Xiaomi Launches $150 Phone With a 48-megapixel Camera

Posted on January 10, 2019 by Mehedi Hassan in Android, Hardware with 9 Comments

Xiaomi’s Redmi brand is launching a new flagship device: the Redmi Note 7. This is one of the first devices Redmi is launching independently after it separated from the main Xiaomi brand.

The company’s new Redmi Note 7 is a low-end Android phone focused on markets like India and China. But the device itself comes with a killer feature: a 48-megapixel camera on the back.

That sounds like a pretty amazing camera, and Redmi says the device can make use of all these pixels to take rich pictures, especially at night. The camera can, for example, combine four pixels into one for higher-quality shots at low light. The idea is that the pictures will have 4x the more pixels than the mainstream 12MP cameras.

Xiaomi is promising a lot with the new Redmi Note 7 camera, especially with the smart features on the 13MP front camera that lets you unlock the device with your face, and comes with things like portrait mode/bokeh effect. But still, none of this means the pictures that come out of the camera are actually going to be impressive. As we have seen in the past, software plays a big part, and I highly doubt the camera on a $150 phone can beat top players like the Google Pixel and Apple iPhone. Still, the 48MP camera should be welcome considering the low price of the handset.

In terms of the other specs, the Redmi Note 7 comes with a Qualcomm Snapdragon 660, up to 6GB of RAM, up to 64GB of storage, a 4000mAh battery with Quick Charge 4 support, and more. It will be available in China on January 15, starting at around $150 for the 3GB RAM and 32GB storage variant. Redmi plans to make the device available in other markets like India later on.

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Comments (9)

9 responses to “Xiaomi Launches $150 Phone With a 48-megapixel Camera”

  1. obarthelemy

    Xiaomi has been my default OEM for a couple of years, and their Redmi Note line has been my default phone recommendation. the Redmi Note 5 is an iPhone 6S level device, at $150, with a bit slower CPU, and much better screen, pictures, battery. So is the 6, and Xiaomi has proved trustworthy over the years so I expect the 7 to build up on that.

    They're delightful devices. First, because cheap phones do come with a fair bit of history, lets make very clear that Redmis have no fatal flaw. They look good, are reasonably solid, the software is as bug-free as anything. But not only that: the component quality is fine (screen, TouchID, sound, the mic is a bit picky when Skyping/making vids, the camera is great in full light ). And they have nice extras that are often missing from flagships: a comfy battery, audio jack, FM radio, SD slot, IR blaster+remote app, and years of OS updates (my 3yo Mi Max 1 is still getting his). They're quite DIY-able (my 12yo nephew and 15yo niece love to break screens) <$20 per screen assembly.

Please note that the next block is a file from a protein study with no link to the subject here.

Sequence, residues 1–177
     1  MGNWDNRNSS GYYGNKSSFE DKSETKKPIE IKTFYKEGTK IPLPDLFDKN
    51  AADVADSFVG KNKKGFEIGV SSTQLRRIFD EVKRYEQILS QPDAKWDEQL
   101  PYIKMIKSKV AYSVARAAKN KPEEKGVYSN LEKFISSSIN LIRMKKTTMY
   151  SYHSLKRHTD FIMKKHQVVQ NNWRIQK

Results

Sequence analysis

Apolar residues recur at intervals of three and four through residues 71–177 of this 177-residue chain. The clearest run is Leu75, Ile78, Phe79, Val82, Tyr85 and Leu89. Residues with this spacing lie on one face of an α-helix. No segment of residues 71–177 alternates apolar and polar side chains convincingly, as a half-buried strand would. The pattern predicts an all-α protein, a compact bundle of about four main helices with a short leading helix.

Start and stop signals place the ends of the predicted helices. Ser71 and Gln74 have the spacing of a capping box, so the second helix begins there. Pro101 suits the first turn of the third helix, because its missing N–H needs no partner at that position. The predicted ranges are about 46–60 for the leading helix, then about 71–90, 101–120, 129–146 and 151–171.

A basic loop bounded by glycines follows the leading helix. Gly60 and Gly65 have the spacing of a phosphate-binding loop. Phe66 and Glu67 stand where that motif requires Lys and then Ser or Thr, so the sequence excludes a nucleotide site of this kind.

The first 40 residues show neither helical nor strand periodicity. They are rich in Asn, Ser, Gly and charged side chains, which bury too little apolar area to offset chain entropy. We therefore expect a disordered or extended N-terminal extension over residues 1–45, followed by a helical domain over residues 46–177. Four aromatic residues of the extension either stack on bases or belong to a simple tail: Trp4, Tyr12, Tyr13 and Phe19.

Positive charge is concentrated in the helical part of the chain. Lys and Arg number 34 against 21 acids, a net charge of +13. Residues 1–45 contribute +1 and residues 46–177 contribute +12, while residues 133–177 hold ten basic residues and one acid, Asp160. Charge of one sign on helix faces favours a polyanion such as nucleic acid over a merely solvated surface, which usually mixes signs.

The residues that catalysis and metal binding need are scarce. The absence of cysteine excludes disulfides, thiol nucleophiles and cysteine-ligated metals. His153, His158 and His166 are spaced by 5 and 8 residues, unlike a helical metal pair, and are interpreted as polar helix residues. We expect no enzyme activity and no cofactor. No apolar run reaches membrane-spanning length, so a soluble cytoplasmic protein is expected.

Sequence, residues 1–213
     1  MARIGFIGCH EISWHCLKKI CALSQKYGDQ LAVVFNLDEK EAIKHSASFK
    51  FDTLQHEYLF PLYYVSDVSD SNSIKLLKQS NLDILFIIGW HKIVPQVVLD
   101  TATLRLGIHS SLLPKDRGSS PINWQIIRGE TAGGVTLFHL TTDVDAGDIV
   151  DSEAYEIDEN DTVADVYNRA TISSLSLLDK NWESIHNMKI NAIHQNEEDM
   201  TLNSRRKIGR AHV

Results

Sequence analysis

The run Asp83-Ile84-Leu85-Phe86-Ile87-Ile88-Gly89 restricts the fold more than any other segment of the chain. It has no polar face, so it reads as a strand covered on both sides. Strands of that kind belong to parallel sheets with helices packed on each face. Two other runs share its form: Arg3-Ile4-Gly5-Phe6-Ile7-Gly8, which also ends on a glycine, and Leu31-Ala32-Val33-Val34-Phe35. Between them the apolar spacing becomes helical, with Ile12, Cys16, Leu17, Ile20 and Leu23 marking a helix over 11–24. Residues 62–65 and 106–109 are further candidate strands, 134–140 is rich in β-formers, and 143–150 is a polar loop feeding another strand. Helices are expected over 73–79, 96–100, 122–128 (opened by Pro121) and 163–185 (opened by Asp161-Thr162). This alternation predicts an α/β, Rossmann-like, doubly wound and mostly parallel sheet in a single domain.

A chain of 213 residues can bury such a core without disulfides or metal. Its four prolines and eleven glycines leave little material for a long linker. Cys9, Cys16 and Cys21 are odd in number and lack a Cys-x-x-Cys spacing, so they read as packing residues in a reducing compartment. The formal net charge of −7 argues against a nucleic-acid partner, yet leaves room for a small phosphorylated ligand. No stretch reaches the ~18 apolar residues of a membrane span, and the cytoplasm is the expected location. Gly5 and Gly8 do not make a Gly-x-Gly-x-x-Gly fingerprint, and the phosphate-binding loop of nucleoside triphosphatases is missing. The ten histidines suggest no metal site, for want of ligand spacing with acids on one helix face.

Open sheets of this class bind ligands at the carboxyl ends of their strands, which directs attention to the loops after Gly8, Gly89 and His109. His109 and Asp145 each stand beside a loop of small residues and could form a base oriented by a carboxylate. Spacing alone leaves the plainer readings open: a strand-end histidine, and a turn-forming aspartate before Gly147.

They're obviously not flagships: no AMOLED, a 6xx Snapdragon, bad low-light pics, mic is iffy and sound is passable, no AR/VR and up to this one no Fortnite (PUBG is fine though). No NFC and no 700MHz band which is used by one carrier in France.

    I've been recommending those like crazy, sold 10+ since September:

    1- I use it myself (well, its giant Mi Max sibling, it's the same but bigger)

    2- Everyone has been happy up to now. Even iPhoners that weren't willing to sell a kidney get a new iPhone.

    3- You've got to pay a lot more to get a little more, or you can get a lot less by paying a little less. They're the very sweet spot right now. I'm still recommending other phones, mostly flagships to dedicated photographers or rugged phones to the outdoorsy, but really not so much. The Redmis have sucked up all the low- and mid-range sales.

    Worst drawbacks are low-light pics, sound capture, and MIUI which is not bad but quite different from stock Android for no good reason.

    Best qualities are overall quality and reliability, and value for money. I used to say that Apple's 2 pillars are: easy + sexy. Those phones are that in spades, at 1/5th-1/10th the price.

  2. Daekar

    Good gravy, how many megabytes is that per photo?


    Why can't we get phones like this in the States? I would love this for my daughter.

  4. skane2600

    I wonder how much software would really matter. The camera hardware sets the maximum fidelity a camera can achieve.

  5. thesmartestonearth

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